Narrabundah College

Narrabundah College is a government college that teaches the last two years of secondary education in the Australian Capital Territory (ACT).[1] It was the first school in Australia to offer the International Baccalaureate (IB), starting the programme in February 1978.[2][3]

Narrabundah College
Coordinates35°20′10″S 149°8′52″E / 35.33611°S 149.14778°E / -35.33611; 149.14778Coordinates: 35°20′10″S 149°8′52″E / 35.33611°S 149.14778°E / -35.33611; 149.14778
TypeHigh school
MottoDiscover, Care, Excel
PrincipalKerrie Grundy
Colour(s)Yellow and black

Despite attempts to close the college in the late 1970s due to falling enrolments, the school now has a full enrolment and an extensive waiting list. It has earned a reputation for academic excellence in the ACT, attracting 63% of its students from out of area including New South Wales.[citation needed]


Narrabundah College was formed as a result of the ACT developing its own education system in 1974. The new system meant that public high schools would only teach from year 7 to 10, and that years 11 and 12 would be completed at a separate school. The pre-existing Narrabundah High School was re-formed as Narrabundah College.[3]

Due to low enrolments, the ACT Schools' Authority threatened to close the school in 1978. This prompted the community into seeking backing for the IB programme. The then-federal Minister for Education, John Carrick, approved the commencement of the programme in 1979, ensuring the survival of the school.[3] It has prospered in the years since.


Map of Narrabundah College before the demolition of blocks D, B, and C in 2018.

The college campus is located in the suburb of Narrabundah, Canberra. It consists of several buildings including the large "S Block" which was originally the segregated senior building for years 11 and 12 prior to the school becoming a secondary college. In addition to a quadrangle and a canteen, the college also has a gymnasium and a theatre, as well as spacious playing fields on which students may spend their free time and is close to golf courses, public ovals and the local shops.

The College facilities also feature smart boards, iPads, and computer and science labs.[2] Every student is supplied a laptop computer for personal and educational use according to ACT legislation.[4]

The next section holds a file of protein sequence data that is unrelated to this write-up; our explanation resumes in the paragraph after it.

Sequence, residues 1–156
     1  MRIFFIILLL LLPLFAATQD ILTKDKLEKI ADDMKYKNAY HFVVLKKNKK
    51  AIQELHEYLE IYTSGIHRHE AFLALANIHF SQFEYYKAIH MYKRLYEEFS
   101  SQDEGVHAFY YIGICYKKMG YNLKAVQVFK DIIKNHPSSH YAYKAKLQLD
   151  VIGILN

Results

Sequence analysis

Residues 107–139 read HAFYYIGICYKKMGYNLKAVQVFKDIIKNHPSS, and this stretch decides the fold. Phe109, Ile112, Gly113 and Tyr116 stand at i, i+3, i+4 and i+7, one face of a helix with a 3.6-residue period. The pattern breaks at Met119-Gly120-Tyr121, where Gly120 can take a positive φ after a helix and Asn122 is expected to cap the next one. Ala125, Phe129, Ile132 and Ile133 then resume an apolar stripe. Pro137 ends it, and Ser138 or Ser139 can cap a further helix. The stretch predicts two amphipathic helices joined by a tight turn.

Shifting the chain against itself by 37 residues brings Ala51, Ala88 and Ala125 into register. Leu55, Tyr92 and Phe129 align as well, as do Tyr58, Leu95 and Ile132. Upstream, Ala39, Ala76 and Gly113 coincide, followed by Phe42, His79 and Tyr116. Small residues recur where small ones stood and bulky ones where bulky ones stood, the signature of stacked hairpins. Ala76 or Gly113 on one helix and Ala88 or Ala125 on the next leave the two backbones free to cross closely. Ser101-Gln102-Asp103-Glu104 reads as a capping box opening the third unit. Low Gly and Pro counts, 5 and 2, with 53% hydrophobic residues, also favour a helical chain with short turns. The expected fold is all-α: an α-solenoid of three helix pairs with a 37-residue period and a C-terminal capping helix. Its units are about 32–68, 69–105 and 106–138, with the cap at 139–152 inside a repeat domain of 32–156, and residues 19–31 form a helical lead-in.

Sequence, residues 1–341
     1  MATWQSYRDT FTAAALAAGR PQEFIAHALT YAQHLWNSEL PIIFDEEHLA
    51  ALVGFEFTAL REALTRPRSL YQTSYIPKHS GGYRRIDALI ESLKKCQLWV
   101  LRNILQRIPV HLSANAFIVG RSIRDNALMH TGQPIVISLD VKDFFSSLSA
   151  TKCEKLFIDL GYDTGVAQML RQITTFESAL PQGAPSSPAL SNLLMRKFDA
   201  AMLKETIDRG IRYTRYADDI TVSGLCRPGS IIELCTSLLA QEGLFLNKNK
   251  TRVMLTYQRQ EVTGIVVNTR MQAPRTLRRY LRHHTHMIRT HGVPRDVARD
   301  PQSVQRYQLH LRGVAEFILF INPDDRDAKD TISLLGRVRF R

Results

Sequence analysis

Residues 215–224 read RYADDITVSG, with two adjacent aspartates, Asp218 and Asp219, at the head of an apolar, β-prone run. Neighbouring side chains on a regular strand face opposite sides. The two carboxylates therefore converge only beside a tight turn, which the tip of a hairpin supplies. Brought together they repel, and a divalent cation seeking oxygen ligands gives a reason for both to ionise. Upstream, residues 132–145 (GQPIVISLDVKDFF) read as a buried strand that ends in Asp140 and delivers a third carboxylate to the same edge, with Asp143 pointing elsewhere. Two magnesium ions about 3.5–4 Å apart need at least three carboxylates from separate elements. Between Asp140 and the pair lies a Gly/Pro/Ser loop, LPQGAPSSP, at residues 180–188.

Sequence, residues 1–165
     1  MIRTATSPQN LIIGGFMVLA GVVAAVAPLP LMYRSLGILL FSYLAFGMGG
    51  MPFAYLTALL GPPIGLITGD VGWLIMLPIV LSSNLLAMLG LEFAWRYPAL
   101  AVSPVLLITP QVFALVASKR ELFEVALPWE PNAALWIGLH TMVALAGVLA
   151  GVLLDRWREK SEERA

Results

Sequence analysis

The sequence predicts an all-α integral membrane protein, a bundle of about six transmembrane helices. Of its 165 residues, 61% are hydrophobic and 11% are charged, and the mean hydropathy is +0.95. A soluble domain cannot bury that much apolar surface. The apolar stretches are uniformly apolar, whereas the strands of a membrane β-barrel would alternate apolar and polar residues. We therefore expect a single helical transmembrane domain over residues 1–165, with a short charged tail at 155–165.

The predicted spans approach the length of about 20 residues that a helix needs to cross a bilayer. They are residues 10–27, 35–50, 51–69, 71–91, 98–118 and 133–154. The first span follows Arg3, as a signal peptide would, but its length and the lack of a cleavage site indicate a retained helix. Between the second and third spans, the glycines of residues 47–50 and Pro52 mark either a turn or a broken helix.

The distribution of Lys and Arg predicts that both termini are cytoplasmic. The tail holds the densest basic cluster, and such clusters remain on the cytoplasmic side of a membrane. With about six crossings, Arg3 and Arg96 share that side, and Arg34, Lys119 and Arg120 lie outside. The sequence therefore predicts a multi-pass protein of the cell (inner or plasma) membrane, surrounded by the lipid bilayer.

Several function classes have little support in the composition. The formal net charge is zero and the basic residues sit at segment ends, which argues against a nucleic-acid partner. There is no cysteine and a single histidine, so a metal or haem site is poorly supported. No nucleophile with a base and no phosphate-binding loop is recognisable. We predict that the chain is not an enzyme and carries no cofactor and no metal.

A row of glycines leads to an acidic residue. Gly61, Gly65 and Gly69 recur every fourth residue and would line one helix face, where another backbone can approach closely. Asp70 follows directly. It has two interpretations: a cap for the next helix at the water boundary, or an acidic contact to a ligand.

Block B, Block C, and Block D were contaminated with friable crocidolite asbestos. As such, the ACT Government employed Robson Environmental to undertake regular inspections to ensure the safety of staff and students. Furthermore, the affected buildings were demolished after the 2018 school year, and are to be replaced with modern educational facilities. Transportable classrooms were installed in the college during session 2 of 2018.[5]


Narrabundah College offers a wide range of courses, and is highly regarded in the field of languages. As well as ESL and TIS (Translating and Interpreting Skills), the college offers students the opportunity to study the following languages:

Hindi was taken off of the curriculum during the 2018 school year, but was reintroduced by the 2019 enrolment period.

Indonesian was scheduled to be removed from the curriculum in 2019 due to low interest; however, due to a student-organised petition for the school to continue teaching the language, the college has continued to offer Indonesian as a class.[6]

Student assessmentsEdit

For students to be awarded a Year 12 Certificate on the completion of Year 12, they must complete a total of 17 units from College courses including either 3 majors and 3 minors, 4 majors and 1 minor, or 5 majors. Courses offered by the College are assessed based on how students perform during assignments, essays, tests, "lab-pracs", workshop projects, and creative works depending on what is appropriate for the course area.[2]

Each course offered by the College is designated tertiary (T), vocational (V), or accredited (A). Students completing A units are awarded an A to E grade based on performance for each course criteria, students completing V units are designated as 'competent' (C) or 'not yet competent' (NYC), and students completing T units will receive an A to E grade as well as a score to indicate a rank compared to other students in the same course. Students who fail to complete the minimum requirements for assessments will "void" the unit, and do not have that unit count towards the completion of their course.[2]